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Can African States Achieve Cashless Economy?

TechInAfrica – Suppose you’re asked to define “what is money?” how would you respond? Think about it yourself, but according to Adam Smith who’s known to be the father of capitalism, he says that besides Mathematics and written word, money is one of the greatest inventions. We’ve seen many businesses prosper and expansion of markets as a result of people or organizations having money.

However, the inception of credit cards, the human society has changed the name to a cashless economy, and this has been pervasive. Rarely do we see the physical exchange of coins and banknotes for goods and services but we trade daily.

Have you ever asked yourself where the cashless payments started? Well, there were many cheque frauds in the 1970s and to stop this trend, we slowly migrated to cashless payments with the advent of the internet and electronic banking in the 1990s. Most governments have been pushing for the cashless economy to remove black markets and improve tax collection from citizens.

Some developing countries have given insights that it may be possible to achieve cashless economy in Africa, here are some examples.

Taking example from India

The government of India decided to launch the world’s largest biometric ID system called Aadhaar and the system has roughly 1.2 billion enrolled members. According to the statistics available, before 2009, almost half of Indians had no form of official identification, and this was the reason why the government had to launch Aadhaar. There were some improvements in the system by 2016 when citizens had the privilege to store other data like bank statements, address and tax filings after integration of a component called Stack to Aadhaar. Since the introduction of this component, it’s reported that 270 million accounts have been opened. One of the advantages of the Stack is that it allows one to buy mutual funds.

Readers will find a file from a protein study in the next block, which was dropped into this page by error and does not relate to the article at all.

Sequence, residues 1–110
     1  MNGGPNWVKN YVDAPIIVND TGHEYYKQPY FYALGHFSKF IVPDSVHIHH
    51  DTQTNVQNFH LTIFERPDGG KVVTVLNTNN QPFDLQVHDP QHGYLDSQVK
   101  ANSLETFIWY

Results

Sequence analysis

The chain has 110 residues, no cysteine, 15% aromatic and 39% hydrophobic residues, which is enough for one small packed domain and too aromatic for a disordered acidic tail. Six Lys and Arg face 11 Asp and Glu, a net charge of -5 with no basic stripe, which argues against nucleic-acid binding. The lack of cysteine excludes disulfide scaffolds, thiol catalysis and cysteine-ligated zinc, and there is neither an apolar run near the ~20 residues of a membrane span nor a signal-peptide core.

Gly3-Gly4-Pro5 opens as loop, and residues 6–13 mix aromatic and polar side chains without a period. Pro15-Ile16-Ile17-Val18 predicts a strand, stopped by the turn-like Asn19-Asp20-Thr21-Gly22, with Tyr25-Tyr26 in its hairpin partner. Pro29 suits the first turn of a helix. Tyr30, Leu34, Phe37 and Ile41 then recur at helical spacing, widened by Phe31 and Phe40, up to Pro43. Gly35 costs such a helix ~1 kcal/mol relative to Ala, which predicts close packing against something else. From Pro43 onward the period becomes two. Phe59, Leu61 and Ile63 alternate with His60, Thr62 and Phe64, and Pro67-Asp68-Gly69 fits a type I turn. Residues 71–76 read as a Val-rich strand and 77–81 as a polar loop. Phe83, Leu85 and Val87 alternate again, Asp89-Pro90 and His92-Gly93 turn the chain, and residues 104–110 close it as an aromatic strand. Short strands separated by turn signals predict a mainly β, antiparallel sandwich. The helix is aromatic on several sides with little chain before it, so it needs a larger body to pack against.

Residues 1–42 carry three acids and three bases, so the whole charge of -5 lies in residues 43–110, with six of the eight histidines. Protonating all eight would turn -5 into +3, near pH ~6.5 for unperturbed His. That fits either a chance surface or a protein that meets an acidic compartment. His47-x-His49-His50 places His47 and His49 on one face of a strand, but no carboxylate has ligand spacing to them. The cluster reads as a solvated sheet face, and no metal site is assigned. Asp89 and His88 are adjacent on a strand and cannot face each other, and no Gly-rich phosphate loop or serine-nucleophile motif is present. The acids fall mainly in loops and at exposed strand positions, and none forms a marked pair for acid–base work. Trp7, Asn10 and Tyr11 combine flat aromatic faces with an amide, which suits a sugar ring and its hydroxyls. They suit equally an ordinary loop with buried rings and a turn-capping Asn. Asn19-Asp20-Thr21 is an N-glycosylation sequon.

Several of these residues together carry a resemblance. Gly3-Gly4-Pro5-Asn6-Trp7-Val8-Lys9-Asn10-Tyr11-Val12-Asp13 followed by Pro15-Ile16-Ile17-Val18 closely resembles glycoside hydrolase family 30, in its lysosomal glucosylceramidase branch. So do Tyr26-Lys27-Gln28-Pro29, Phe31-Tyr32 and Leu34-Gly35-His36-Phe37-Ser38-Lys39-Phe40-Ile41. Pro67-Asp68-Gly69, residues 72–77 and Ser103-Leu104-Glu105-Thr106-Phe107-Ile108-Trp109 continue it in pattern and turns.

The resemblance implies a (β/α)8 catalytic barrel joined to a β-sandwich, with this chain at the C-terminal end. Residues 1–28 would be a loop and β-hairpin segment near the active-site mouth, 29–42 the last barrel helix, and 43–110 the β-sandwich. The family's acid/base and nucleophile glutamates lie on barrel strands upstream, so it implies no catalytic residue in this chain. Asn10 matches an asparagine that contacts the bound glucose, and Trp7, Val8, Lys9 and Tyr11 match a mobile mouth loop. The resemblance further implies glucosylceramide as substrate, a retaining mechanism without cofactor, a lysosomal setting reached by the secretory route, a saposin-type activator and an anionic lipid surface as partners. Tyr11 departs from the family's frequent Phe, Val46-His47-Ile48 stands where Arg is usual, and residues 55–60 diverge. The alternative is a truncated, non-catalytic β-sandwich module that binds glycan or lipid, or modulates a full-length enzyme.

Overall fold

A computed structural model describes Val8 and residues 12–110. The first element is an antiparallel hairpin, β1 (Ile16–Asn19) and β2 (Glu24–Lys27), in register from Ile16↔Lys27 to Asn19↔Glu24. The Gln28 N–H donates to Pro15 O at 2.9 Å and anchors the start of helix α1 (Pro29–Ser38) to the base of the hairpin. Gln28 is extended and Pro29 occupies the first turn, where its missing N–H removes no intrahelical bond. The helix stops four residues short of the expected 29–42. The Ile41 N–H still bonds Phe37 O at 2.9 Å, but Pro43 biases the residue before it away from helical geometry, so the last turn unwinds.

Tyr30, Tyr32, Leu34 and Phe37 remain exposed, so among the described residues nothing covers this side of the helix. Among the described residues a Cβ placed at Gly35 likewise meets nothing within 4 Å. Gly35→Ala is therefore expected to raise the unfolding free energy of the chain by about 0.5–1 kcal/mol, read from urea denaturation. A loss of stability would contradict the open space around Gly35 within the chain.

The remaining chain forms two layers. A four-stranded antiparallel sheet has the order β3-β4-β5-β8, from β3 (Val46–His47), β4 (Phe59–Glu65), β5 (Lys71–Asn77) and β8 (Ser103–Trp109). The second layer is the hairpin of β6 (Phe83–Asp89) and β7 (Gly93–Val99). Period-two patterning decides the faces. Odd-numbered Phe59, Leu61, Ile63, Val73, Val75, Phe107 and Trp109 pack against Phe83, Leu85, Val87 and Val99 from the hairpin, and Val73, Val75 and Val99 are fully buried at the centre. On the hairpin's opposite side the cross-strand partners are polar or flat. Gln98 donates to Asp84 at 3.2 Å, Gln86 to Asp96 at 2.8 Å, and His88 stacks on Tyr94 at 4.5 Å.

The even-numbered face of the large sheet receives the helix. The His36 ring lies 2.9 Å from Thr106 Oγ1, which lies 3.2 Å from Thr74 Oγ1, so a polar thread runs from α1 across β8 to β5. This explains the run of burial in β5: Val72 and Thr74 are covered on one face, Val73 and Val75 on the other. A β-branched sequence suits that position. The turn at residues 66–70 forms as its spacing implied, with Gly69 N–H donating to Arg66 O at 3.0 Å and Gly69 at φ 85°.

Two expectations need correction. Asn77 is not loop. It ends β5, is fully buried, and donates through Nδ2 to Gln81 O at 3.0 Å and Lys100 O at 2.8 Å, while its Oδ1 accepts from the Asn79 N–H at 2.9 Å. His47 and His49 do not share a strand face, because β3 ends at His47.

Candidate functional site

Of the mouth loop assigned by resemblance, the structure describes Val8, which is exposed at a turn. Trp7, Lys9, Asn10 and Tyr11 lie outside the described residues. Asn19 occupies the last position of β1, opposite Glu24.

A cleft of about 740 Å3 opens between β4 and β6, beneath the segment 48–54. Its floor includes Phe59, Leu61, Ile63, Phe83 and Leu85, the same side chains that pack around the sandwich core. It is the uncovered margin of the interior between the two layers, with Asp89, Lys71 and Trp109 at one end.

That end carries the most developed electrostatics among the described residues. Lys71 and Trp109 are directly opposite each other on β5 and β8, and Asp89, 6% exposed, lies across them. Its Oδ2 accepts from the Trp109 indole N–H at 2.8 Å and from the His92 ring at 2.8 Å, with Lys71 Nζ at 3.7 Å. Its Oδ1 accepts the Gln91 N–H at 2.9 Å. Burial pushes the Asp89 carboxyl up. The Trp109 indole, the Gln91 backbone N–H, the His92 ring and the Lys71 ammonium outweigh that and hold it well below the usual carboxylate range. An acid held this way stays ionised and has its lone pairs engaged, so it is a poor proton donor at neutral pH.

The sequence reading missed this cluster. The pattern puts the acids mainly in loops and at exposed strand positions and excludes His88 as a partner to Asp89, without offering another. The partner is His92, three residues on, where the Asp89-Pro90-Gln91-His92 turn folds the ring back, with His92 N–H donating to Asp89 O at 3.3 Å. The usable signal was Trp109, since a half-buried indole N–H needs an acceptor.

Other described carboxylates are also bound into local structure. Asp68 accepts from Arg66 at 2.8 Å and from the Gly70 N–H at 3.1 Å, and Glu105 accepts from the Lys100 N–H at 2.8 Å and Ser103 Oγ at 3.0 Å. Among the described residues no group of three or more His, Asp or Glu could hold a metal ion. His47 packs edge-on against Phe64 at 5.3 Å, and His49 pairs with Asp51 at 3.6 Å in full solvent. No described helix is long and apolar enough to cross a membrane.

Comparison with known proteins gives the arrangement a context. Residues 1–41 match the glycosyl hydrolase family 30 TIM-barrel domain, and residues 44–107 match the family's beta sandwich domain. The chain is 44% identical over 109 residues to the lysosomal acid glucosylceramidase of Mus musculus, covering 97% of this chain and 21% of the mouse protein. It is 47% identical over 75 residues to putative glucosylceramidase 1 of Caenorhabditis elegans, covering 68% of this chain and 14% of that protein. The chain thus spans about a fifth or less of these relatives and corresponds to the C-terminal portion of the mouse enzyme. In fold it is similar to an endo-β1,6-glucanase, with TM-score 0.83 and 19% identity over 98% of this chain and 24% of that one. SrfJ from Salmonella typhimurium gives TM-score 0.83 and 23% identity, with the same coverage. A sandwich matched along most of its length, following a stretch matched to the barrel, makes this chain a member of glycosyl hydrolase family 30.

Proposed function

It didn’t take long after the introduction of the stack when the government announced that all Rs 500 and Rs 1000 notes were not supposed to be in circulation in November 2016 henceforth. As a result, many industries which were operating on cash basis were closed, and there were 1.5 Million job losses. However, the black market continues to thrive while industrial production is slowed a year later and the World Bank has cut India’s growth forecast.

What more? The statistics from sub-Saharan Africa is wanting with less than 5% having credit cards while 80% don’t use banking facilities. A country like Nigeria you realize that 75% of adult population have never banked.

Kenya has moved some miles ahead with the introduction of M-pesa and other mobile money transfer options. By 2015, 35 million users had transacted more than $28 billion. The expectations of the government are high since as projected, by 2019 half of the GDP will flow through M-pesa.

Airtime is also regarded as an alternative currency with services such as crowdcoins allowing transfer of airtime for purchase. Between 2011 and 2012, airtime transfer doubled from $350 to $700

South Africa is still at the top

South Africa has more than 75% of adults banking which places the country in a better position for a cashless economy. wiGroup is popular for having boosted the economy of the country and hold a record of over R7 billion processed from their platform. Currently, it has established over 80000 retail lines.

SnapScan app from South Africa also records a high number of clients as currently has 26 000. Online transaction in South Africa is expected to be R53bn in 2018. Additionally, the partnership between MasterCard and the iKhokha’s has increased cashless payments.

Tech giants such as Microsoft, Apple and Samsung are also going by the trend as cashless payments gain momentum.

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